So, if I can leave you with one more question; how would you describe the kind of leadership that makes you uncomfortable?

References

 Abdullah, S. N., Ismail, K. N. I. K., & Nachum, L. (2016). Does having women on boards create value? The impact of societal perceptions and corporate governance in emerging markets. Strategic Management Journal, 37(3), 466–476. https://doi.org/10.1002/smj.2352

Butler, J. (2004). Undoing Gender. Routledge. https://doi.org/10.4324/9780203499627

Diversity Works. (2019). New Zealand Workplace Diversity Survey 2019.

Ford, J., & Harding, N. (2007). Move Over Management: We Are All Leaders Now. Management Learning, 38(5), 475–493. https://doi.org/10.1177/1350507607083203

Ford, J., & Harding, N. (2011). The impossibility of the ‘true self’ of authentic leadership. Leadership, 7(4), 463–479. https://doi.org/10.1177/1742715011416894

Hoobler, J. M., Masterson, C. R., Nkomo, S. M., & Michel, E. J. (2018). The Business Case for Women Leaders: Meta-Analysis, Research Critique, and Path Forward. Journal of Management. 44(6).

Kelan, E. K. (2010). Gender Logic and (Un)doing Gender at Work. Gender, Work & Organization, 17(2), 174–194. https://doi.org/10.1111/j.1468-0432.2009.00459.x

McRobbie, A. (2009). The aftermath of feminism: Gender, culture and social change. Los Angeles ; London: SAGE.

Nicholson, H., & Carroll, B. (2013). Identity undoing and power relations in leadership development. Human Relations, 66(9), 1225–1248. https://doi.org/10.1177/0018726712469548

Nixon, C, & Sinclair, A. (2017). Women Leading. Melbourne University Publishing.

Sinclair, A. (2004). Doing Leadership Differently: Gender, Power And Sexuality In A Changing Business Culture. Melbourne University Publishing.

Sinclair, A. (2005). Body Possibilities in Leadership. Leadership, 1(4), 387–406. https://doi.org/10.1177/1742715005057231

Sterling, A. (2019, July 9). How would you describe leadership? LinkedIn Post. Retrieved July 16, 2019.

West, C., & Zimmerman, D. H. (1987). Doing Gender. Gender & Society, 1(2), 125–151. https://doi.org/10.1177/0891243287001002002

 

From Motherhood to Leadership

In 2019 I begin my PhD. It’s going to take me 3-4 years.

I propose to bring together three streams of research; learning, leadership, and feminine studies, to understand, and make recommendations around, how to better design leadership development programs for women leaders, specifically mothers, and close the gender gap.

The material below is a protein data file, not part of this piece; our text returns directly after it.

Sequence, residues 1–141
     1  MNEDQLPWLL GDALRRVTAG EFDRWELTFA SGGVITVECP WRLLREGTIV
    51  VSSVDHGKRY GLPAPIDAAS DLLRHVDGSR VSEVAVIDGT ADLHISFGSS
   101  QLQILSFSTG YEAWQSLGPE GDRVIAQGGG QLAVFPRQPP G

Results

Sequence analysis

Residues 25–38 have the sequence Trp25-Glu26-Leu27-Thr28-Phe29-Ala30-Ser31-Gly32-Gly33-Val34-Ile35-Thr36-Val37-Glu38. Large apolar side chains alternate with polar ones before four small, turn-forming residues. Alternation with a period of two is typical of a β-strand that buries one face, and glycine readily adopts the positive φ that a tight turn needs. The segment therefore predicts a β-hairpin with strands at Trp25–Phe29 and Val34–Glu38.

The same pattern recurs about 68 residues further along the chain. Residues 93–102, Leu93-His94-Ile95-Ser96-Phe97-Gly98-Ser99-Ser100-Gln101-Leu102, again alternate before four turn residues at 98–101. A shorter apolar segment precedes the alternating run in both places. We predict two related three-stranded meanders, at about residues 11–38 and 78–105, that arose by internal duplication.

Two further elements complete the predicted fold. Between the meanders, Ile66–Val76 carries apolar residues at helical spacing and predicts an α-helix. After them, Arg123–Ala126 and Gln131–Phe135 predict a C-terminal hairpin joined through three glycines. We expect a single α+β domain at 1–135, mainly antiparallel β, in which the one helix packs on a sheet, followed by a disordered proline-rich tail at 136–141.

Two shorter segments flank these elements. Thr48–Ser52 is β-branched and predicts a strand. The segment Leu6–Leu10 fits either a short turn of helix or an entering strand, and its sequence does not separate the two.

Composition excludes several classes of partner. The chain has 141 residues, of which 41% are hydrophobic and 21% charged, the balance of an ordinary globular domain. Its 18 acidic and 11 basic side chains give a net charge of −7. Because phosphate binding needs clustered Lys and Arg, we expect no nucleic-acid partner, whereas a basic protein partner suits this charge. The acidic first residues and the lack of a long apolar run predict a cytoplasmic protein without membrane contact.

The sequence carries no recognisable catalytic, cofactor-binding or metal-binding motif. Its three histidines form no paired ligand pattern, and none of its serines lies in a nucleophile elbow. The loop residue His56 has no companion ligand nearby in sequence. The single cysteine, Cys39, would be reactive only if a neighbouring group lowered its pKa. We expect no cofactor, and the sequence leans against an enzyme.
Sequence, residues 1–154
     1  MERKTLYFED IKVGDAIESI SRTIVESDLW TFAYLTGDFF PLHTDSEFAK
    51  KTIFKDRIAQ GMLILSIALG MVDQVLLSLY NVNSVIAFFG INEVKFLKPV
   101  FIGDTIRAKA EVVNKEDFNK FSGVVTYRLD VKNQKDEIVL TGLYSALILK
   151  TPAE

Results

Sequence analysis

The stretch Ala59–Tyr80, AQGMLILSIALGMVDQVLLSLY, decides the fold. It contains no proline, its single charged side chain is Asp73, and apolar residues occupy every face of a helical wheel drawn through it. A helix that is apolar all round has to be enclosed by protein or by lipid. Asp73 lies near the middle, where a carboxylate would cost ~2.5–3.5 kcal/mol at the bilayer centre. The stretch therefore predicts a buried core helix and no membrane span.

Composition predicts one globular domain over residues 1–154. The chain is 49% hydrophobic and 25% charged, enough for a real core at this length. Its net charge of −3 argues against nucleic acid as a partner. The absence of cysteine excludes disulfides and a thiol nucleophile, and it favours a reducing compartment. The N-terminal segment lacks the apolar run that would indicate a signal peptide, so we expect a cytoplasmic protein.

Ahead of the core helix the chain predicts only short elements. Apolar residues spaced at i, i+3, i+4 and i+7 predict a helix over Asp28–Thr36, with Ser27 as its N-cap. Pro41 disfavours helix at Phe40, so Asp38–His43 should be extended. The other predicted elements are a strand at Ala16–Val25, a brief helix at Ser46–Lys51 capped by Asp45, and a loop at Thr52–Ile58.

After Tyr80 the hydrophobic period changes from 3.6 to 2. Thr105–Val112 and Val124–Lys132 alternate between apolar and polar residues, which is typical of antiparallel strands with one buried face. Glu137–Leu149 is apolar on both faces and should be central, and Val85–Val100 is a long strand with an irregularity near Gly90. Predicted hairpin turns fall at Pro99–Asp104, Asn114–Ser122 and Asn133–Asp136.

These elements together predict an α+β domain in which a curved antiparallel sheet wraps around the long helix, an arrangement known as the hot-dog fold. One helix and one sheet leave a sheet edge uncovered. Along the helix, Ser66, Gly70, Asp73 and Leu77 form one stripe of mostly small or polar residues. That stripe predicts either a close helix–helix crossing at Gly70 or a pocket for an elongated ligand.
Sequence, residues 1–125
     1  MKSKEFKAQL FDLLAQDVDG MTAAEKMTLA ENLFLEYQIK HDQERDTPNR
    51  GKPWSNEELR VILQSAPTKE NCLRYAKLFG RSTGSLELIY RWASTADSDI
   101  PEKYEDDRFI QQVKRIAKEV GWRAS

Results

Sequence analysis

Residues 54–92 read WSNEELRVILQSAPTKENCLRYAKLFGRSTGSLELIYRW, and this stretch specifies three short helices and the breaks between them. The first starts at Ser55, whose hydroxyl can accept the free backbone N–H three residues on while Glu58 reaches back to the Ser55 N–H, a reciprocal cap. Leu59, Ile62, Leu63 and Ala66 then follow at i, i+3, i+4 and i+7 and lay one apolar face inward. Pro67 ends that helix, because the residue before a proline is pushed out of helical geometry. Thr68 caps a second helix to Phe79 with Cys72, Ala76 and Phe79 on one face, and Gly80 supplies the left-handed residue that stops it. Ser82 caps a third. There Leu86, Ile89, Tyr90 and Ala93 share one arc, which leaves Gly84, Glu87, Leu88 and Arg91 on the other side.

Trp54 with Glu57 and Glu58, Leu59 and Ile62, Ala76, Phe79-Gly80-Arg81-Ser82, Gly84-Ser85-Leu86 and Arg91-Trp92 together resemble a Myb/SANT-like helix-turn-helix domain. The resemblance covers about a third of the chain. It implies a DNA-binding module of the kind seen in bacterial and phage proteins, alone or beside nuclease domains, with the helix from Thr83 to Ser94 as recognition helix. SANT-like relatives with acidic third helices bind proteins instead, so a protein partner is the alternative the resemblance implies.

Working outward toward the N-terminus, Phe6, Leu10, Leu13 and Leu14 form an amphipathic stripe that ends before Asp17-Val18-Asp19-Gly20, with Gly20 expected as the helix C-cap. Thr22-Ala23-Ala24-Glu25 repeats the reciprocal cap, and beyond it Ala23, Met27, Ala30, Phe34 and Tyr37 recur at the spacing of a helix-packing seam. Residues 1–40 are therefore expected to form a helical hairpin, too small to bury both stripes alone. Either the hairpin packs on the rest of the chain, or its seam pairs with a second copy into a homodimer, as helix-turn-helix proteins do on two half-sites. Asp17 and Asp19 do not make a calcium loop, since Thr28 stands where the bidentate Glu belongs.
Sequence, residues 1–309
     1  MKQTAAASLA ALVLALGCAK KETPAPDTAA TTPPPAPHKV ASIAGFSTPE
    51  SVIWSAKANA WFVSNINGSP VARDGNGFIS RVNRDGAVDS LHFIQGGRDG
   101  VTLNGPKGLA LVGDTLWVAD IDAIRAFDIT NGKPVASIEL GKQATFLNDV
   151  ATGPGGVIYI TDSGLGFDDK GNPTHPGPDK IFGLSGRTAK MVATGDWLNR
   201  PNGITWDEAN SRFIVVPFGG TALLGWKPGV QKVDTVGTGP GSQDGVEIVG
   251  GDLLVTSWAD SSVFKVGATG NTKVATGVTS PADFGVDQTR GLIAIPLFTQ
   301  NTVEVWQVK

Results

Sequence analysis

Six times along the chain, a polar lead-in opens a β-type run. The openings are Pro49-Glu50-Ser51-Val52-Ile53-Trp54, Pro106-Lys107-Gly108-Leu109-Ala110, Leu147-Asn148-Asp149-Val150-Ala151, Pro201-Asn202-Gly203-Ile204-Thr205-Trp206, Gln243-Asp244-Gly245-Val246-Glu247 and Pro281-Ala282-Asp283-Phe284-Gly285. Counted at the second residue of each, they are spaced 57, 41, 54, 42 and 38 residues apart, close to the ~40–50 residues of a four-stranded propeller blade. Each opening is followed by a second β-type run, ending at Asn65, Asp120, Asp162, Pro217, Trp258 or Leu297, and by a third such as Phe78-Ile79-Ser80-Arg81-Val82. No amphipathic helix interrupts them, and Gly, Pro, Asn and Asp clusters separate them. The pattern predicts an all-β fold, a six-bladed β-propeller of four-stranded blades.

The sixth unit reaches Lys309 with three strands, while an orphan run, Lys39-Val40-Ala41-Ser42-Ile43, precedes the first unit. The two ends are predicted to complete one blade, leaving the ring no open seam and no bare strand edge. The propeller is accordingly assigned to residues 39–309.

We know that women are still underrepresented in leadership positions.

The results of a survey of 705 New Zealand organisations (Diversity Works New Zealand, 2017) reported that, in approximately 20% of organsiations, women make up less than 25% of leadership and governance teams. This is even more so for larger organisations.

The current research around this challenge appears to be siloed. The challenges for mothers returning to work is discussed (e.g. Nichols & Roux, 2004), the opportunities for women to take on leadership roles, and the style in which they do so, is unpicked (e.g. Madsen & Andrade, 2018; Ely et al, 2011). But new insights into the leadership gender gap, and what to do about it, could come from a more holistic and integrated understanding of the home factors affecting return to work, and women’s ability to take on leadership roles.

Research into learning supports this view that understanding performance in role cannot be isolated to one variable. The ‘AMO framework’ (Boxall & Purcell, 2011) argues that all employee performances are a function of employee ability (A), motivation (M), and the opportunity to perform (O). In Sterling & Boxall (2011) we showed that learning could be short-circuited, much like a three-legged stool, where any one of ability, motivation, or opportunity is deficient. I propose that AMO is also a useful lens to apply to the women in leadership challenge.

Kennedy, et al. (2012) argues that leadership development needs to be focused on mindset. Returning to work after becoming a mother is hard and often viewed negatively (Nichols & Roux, 2006). Invariably this is going to affect motivation to lead and any learning that needs to go along with an ability, or mindset, to do so. But current explorations linking leadership and motherhood together are limited to the counselling profession (e.g. Levitt, 2011).

Interventions to address this need to look at the whole system – not just within the box of a leadership development intervention or blanket work/life policies. The manifestation of a negative unconscious bias towards women could result in limited opportunities to apply leadership skills (Madsen & Andrade, 2018). And the positive effects of worklife practices on the proportion of women in management positions was not observed in organisations that were male dominated (Kalysh et al. 2016). The opportunities for women to lead are still limited.